The Network features a piece on how the 100Kin10 network is attracting, training, and retaining STEM teachers:
“It’s a question of increasing urgency: How to attract enough students to study STEM (science, technology, engineering and math) and meet the skyrocketing demand for jobs in those fields. In computer science alone, the Bureau of Labor Statistics foresees 1.4 million CS-related jobs available by 2020—and just 400,000 college graduates with the requisite background for those positions.
"Everything from fighting climate change to treating diseases—all these things require STEM skills,” says Talia Milgrom-Elcott, founder and executive director of 100Kin10. “And we don’t have the people needed to fill the demand.”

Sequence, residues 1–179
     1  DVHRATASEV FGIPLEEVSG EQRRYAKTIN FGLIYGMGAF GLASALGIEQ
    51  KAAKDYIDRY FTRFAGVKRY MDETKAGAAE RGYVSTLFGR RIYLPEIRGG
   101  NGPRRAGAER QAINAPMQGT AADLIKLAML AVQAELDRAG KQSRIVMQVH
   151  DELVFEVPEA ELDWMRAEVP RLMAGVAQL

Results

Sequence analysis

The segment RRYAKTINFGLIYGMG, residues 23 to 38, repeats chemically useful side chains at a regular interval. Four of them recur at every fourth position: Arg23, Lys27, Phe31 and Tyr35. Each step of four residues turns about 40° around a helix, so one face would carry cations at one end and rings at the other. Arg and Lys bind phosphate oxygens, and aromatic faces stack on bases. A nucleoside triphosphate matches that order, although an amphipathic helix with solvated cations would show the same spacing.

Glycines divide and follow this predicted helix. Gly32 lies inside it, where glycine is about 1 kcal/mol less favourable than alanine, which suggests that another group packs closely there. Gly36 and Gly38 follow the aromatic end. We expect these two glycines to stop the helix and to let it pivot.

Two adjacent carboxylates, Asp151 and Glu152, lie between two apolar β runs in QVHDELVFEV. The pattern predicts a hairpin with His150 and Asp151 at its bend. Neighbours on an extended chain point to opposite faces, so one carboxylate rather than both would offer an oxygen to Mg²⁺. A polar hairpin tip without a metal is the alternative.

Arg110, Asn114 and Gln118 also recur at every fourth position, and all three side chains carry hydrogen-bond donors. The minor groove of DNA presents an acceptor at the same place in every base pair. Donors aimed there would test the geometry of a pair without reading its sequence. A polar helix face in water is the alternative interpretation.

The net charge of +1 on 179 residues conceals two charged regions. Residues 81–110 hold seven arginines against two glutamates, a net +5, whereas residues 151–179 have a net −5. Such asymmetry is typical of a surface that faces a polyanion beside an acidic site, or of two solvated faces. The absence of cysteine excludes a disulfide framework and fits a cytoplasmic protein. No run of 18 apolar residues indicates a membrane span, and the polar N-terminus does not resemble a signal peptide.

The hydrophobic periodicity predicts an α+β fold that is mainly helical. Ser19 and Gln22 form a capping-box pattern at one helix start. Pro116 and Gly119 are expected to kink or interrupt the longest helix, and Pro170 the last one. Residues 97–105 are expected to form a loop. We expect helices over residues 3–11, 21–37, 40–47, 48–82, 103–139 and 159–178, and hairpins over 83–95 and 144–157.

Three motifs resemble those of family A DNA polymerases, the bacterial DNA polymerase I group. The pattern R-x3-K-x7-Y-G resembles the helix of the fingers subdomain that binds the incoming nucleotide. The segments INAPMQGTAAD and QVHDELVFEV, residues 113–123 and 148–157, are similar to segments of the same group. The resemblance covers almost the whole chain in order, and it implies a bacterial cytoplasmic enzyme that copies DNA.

But that’s only part of the problem. Increasing that pool of STEM-savvy workers means having a sufficient population of educators capable of imparting the necessary, relevant knowledge. But there’s also a too-small number of qualified instructors able to teach those subjects.
With that in mind, a variety of organizations have started introducing or expanding programs to attract, train and retain STEM teachers. Their approaches differ, from tapping established educators specializing in other subjects to steering undergraduates studying STEM to teaching. But they all have a similar goal. “We want teachers in classrooms who can teach kids the skills that are part of the problem-solving set needed to meet all of the most important challenges of the 21rst century,” says Milgrom-Elcott.“
Read the full piece here.